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Thermaltake SpinQ VT Review

ccokeman    -   February 23, 2010
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Testing:

To put the Thermaltake SpinQ VT to the test I will be making a comparison of the temperatures at idle and under load, both while the CPU is at stock voltages and clock speeds, as well as when the CPU is overclocked and over-volted to show what kind of cooling performance that the Spin Q VT has to offer when compared to other socket 1156 compatible heatsinks. These heatsinks will be tested head-to-head as they are delivered from the manufacturer. I could throw in a bunch of testing variables, but it is not what the products are capable of as delivered. To test the idle temperatures I will allow the computer to stay idle for 30 minutes and take the idle temperature at this point. For the load testing I will use Prime95 version 25.9 and choose the blend testing and allow the processor and memory controller to heat up to the maximum temperatures. The time frame is a four hour run to allow the temperature to peak, usually in the 14K test. I will use Real Temp 3.0 to take the high and low temperatures and average the temperatures generated over the four cores as my reported temperature.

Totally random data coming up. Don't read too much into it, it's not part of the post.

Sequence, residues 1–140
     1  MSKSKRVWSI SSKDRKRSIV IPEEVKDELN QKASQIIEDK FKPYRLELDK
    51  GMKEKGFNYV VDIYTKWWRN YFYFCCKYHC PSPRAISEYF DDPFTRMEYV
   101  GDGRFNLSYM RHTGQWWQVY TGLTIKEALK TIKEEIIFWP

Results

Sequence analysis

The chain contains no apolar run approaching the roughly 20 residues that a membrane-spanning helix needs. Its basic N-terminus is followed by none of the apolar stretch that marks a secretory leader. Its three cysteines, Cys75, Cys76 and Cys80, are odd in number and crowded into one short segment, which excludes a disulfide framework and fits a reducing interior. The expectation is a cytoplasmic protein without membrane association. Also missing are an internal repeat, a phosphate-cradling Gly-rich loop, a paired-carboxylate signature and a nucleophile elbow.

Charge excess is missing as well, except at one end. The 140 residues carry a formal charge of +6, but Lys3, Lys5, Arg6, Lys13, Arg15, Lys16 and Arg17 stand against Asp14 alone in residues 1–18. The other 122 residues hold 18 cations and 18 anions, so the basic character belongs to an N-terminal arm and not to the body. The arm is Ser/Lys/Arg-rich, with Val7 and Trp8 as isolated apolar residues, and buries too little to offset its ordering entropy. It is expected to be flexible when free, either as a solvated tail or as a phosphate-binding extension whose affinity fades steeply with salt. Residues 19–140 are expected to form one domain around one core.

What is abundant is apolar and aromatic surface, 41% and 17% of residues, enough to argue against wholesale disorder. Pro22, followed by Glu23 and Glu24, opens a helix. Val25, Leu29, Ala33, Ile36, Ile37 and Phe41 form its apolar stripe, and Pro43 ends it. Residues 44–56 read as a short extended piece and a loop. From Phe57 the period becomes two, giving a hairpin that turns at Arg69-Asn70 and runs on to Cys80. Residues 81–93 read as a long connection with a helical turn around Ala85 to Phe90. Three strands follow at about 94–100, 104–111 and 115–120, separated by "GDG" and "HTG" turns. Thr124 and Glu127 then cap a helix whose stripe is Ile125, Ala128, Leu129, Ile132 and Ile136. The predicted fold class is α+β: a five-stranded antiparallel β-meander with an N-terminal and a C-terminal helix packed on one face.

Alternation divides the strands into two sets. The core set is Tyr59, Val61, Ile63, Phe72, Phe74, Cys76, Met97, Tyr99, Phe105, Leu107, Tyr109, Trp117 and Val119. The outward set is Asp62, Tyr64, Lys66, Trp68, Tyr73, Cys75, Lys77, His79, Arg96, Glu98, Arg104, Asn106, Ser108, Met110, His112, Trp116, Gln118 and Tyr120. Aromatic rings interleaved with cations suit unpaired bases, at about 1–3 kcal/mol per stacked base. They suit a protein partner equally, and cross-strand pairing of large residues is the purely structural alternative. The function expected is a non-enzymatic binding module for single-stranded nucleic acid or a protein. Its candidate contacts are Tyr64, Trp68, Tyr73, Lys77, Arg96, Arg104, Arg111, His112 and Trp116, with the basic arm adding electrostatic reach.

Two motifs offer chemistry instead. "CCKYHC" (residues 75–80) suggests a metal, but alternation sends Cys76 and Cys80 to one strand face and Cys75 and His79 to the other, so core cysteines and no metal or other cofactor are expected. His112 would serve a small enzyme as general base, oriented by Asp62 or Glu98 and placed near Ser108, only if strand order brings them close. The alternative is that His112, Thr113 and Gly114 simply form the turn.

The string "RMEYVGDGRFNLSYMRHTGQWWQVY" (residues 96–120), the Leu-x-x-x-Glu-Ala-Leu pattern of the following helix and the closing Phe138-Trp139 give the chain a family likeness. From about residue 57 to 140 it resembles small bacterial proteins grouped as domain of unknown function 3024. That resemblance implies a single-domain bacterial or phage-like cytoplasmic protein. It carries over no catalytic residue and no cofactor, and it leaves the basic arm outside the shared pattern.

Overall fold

Testing Setup:

 

Comparison Heat sinks:

 

 

 

 

 

 

The stock i5 heatsink is just woeful when you put a load on the CPU. The SpinQ VT improves cooling performance by 28 degrees over the stock cooling solution when the Intel i5 750 gets a small overclock thrown its way and delivers a 19 degree Celsius improvement at stock clock speeds. All in all, pretty respectable for a cooler that is unusually shaped.




  1. Introduction & Closer Look
  2. Closer Look (Continued)
  3. Specifications & Features
  4. Testing: Setup & Results
  5. Conclusion
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